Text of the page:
6.1 In support of his submission, Mr. Vohra has relied upon the following decisions rendered by the Supreme Court:

(i) GE India Technology Cen. (P.) Ltd. v. Commissioner of Income Tax 327 ITR 456 (SC)

(ii) Judgment dated 02.03.2021, passed in Civil Appeal No.8733-8734/2018, titled Engineering Analysis Centre of Excellence Pvt. Ltd. v. CIT.

6.2. To be noted, these judgements are inter alia pivoted on the language of Section 195(1) of the Act.

6.3. On the other hand, Mr. Aggarwal, who appears on behalf of the revenue submits that there are several recipients vis-a-vis whom deductions had to be made by the petitioners apart from BT Plc. It is also Mr. Aggarwal’s submission that in two assessment years [i.e., 2012-2013 and 2013-2014], the petitioners have taken recourse to the remedies available under the Act.

6.4. Mr. Aggarwal goes on to submit that only a show-cause notice has been issued and therefore, this Court ought not to interfere at this stage in exercise of powers under Article 226 of the Constitution.

7. Having heard the learned counsel for the parties, according to us, if the statutory authority exercises its powers without determining whether or not it has jurisdiction in the matter, that itself, may, in certain cases, call for interference.

7.1 In this particular matter, as pointed out by Mr. Vohra (something which has not been refuted by Mr. Aggarwal), 85 to 90% of the remittances have been made to the BT Plc, a non-resident company, which approached the Authority for Advance Rulings [in short “AAR”] as far back in 2015.

7.2 The record shows that the application of AAR was admitted as far back on 07.08.2015. Therefore, a large part of problem, to say, has its genesis in the AAR not acting with due alacrity. However, having regard to the submissions made before us by learned counsel for the parties, we are of the view that, for the moment, the captioned writ petitions can be disposed of with the following directions:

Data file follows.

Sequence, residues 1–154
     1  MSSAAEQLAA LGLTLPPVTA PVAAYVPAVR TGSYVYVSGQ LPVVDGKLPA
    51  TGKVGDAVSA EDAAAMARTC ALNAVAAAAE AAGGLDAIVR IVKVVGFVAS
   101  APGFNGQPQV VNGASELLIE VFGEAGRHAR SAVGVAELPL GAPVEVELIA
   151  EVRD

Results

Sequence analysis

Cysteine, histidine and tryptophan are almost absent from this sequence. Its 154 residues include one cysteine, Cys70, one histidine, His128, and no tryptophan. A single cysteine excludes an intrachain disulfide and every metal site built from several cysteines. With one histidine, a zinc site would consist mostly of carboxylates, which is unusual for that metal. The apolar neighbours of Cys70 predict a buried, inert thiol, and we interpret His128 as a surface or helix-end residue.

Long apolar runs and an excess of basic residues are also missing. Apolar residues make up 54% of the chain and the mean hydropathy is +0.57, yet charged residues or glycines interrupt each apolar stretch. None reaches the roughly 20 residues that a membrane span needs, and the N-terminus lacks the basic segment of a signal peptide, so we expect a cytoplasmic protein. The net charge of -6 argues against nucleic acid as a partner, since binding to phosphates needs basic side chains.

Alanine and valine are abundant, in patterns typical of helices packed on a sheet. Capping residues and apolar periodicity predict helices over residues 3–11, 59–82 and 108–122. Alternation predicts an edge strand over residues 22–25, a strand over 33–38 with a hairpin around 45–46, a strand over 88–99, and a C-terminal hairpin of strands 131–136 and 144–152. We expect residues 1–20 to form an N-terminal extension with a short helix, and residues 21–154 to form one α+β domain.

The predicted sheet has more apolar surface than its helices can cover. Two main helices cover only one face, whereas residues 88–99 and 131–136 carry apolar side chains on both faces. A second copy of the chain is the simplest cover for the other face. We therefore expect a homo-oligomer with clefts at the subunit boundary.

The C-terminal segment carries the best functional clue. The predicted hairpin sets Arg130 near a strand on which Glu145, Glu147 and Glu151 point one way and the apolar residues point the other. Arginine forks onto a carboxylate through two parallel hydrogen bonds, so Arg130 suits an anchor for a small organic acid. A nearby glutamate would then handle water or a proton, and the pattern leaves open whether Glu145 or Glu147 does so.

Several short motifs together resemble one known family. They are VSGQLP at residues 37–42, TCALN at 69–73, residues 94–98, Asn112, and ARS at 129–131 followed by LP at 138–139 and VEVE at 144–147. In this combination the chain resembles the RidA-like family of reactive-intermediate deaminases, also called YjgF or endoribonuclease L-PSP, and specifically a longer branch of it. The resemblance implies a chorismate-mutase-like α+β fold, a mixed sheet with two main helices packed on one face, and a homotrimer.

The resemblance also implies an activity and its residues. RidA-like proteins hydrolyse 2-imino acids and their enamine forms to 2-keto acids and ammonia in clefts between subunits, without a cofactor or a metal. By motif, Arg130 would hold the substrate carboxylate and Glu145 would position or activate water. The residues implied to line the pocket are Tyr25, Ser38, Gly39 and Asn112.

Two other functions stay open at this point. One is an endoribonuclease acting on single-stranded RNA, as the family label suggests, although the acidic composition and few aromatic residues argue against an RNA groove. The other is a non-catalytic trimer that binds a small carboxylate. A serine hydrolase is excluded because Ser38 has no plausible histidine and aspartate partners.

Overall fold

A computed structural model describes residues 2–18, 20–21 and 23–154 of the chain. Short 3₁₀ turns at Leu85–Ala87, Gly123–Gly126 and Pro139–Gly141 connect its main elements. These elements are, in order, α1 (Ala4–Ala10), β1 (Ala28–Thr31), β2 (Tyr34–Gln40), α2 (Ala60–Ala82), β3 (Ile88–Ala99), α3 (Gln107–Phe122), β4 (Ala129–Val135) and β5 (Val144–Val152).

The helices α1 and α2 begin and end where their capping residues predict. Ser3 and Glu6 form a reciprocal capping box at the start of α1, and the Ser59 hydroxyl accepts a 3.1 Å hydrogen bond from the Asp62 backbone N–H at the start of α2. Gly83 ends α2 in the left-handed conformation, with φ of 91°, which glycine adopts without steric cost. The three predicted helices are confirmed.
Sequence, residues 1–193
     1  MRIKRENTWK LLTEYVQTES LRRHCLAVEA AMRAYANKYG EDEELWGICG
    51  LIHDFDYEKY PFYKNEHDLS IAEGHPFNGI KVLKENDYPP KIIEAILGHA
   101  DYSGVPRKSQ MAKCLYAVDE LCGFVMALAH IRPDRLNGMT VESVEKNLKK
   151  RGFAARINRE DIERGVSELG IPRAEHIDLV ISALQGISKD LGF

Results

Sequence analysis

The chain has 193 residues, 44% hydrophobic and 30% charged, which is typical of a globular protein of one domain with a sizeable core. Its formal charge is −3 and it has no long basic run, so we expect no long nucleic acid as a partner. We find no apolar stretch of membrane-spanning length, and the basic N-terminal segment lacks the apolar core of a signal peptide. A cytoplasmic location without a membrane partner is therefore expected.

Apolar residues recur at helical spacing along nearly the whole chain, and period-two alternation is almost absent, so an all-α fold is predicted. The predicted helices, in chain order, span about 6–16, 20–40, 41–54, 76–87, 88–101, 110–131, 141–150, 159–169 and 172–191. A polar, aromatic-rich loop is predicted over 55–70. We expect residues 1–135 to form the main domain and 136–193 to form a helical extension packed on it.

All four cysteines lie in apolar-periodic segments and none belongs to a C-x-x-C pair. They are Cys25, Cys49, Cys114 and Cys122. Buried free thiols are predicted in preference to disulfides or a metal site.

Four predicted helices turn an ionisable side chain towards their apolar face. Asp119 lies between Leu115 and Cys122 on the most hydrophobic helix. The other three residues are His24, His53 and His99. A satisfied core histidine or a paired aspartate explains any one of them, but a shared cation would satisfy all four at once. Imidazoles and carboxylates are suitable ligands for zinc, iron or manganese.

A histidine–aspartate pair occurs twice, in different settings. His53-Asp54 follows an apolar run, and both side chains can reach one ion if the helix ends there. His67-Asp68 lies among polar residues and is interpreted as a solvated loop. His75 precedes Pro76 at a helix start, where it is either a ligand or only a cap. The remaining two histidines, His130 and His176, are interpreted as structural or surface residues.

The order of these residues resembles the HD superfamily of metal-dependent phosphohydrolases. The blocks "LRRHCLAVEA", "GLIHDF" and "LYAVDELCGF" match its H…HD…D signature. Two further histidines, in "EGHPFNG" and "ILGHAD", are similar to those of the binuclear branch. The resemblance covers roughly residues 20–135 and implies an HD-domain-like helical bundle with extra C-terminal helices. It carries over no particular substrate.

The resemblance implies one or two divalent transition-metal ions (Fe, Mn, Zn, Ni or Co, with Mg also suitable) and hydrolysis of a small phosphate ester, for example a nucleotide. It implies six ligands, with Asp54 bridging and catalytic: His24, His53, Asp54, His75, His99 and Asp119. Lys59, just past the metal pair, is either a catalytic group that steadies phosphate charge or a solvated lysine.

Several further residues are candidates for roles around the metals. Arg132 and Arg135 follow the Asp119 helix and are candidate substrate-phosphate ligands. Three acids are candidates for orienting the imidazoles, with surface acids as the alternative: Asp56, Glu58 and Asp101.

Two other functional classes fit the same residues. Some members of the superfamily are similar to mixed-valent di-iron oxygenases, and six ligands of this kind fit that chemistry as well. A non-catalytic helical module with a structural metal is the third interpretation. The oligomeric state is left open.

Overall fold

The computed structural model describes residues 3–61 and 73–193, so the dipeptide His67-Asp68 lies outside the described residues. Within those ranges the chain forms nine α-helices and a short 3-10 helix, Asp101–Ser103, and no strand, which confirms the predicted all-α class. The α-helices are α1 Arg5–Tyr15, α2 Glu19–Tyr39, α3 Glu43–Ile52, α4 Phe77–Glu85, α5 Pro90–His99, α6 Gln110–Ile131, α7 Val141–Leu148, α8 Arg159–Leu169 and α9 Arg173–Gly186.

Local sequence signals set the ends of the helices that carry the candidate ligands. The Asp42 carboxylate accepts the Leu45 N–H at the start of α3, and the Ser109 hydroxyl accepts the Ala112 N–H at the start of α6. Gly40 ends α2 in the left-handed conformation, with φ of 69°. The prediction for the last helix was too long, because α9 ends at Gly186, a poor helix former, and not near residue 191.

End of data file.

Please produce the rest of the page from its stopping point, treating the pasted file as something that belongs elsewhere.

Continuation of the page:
(i) The concerned authority will adjudicate the impugned show cause notices qua which we are told that the petitioners have filed their replies.

(ii) While carrying out the adjudication, the concerned authority will in the first instance determine as to whether or not the jurisdictional facts obtain in the matter i.e. whether the remittances in issue are chargeable to tax.

(iii) The concerned authority will, therefore, in the first instance pass an order on this aspect of the matter.

(iv) The concerned authority in this behalf will give personal hearing to the authorized representative of the petitioner, which will include the advocate engaged by the petitioner.

(v) A speaking order will be passed and a copy of the same will be furnished to the petitioner.

(vi) The petitioner will have liberty to assail the same as per law by taking recourse to an appropriate remedy.

(vii) In case, the order passed is adverse to the interests of the petitioner, the same will not be given effect to for four weeks, commencing from the date the said order is served on the petitioner.

(viii) In case, the concerned authority feels it is necessary to await the decision of the AAR in the matter concerning BT Plc, it will be free to take this aspect into account as well.

8. In view of the foregoing, the pending applications shall stand closed.